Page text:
Originally Posted by chickenmcnasty
I also saw that bass pro is offering a traditions springfield hawken for around $320. How does this compare? Their 6 pay offer is tempting, but the other rifles seem much nicer.
Also, can you elaborate more on barrel twist and uses? I'm also wanting to get into one and am very confused.
Is there any good sites that have a breakdown of some of this info? I would also love to know more about .50 cal vs. .54 cal
The Springfield Hawken is a lot like the laminated Traditions Hawken Woodsman except that it has a single trigger and a wood stock. They can sometimes be found used for under $200 which means that they lose value quickly after their initial purchase because they've been made in one form or another for the last 20 years or more.
The 1 in 28" to 1 in 38" fast twist barrels are primarily for shooting bore size conical bullets or saboted bullets.
The 1 in 48" medium twist barrels can shoot both round balls, conicals and saboted bullets accurately anywhere from 60 - 100 yards with a heavy hunting load.
One fellow who built a .54 Traditions Deer hunter from a kit put a scope on it and found that it really liked shooting conicals and sabots way better than it would shoot patched round balls. So some 1 in 48" barrels will shoot conicals really great while conversely others will only prefer round balls. You never know which projectiles a medium twist will shoot better with the heavy powder charges that are used for hunting.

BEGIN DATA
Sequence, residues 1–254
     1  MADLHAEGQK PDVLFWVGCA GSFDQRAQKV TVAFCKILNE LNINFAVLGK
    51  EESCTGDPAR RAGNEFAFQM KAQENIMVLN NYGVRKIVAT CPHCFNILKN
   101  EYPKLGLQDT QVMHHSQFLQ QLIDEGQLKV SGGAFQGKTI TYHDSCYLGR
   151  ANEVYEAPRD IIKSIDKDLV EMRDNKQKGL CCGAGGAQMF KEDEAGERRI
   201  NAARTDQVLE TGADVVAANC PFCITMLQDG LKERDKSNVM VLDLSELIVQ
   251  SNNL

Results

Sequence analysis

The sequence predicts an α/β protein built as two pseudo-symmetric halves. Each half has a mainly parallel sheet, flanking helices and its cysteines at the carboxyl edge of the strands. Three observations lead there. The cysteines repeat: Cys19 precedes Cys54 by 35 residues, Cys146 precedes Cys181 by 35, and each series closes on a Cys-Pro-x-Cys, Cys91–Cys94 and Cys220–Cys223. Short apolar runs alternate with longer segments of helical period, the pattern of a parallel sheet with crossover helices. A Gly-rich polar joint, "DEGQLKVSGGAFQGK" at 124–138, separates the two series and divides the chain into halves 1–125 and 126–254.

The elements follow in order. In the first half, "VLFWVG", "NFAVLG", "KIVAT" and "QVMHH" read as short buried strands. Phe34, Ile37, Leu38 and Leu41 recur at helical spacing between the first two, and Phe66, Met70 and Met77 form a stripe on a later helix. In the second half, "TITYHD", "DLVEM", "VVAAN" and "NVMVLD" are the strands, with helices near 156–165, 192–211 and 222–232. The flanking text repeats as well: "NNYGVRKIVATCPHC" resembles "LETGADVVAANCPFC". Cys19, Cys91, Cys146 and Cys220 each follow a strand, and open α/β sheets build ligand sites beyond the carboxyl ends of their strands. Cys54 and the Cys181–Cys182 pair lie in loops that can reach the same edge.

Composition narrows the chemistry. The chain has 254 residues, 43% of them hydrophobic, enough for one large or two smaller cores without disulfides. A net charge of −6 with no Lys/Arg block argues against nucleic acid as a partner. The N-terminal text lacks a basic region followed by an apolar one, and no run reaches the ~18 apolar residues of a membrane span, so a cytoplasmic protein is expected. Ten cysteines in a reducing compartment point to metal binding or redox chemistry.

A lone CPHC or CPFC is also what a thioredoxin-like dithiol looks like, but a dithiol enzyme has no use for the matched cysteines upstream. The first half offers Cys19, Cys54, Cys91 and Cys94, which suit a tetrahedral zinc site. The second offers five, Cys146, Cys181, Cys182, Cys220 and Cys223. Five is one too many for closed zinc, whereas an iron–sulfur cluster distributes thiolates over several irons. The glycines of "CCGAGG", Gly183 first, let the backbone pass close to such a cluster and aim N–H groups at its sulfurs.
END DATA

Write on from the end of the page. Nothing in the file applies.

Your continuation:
The 1 in 59" to 1 in 72" slow twist barrels are primarily for shooting patched round balls out to about 100 yards. But they usually require heavier powder charges for best accuracy, especially at longer range.
They can sometimes shoot only the shortest and lightest lead conical bullets at a limited range of 60 -70 yards at the most, which are the Buffalo Ball-et conicals or Hornady PA conicals. Some slow twist barrels will shoot these short light weight bullets and others simply won't.
One needs to experiment to find out what their rifle likes and there are always exceptions to the basic rules about barrel twist rates and which projectiles that they will shoot accurately and out to what distance.
Target loads have light powder charges which can be more accurate, while hunting loads need to have more powder for better penetration on deer size animals. So the amount of powder and type of projectile definitely affects accuracy.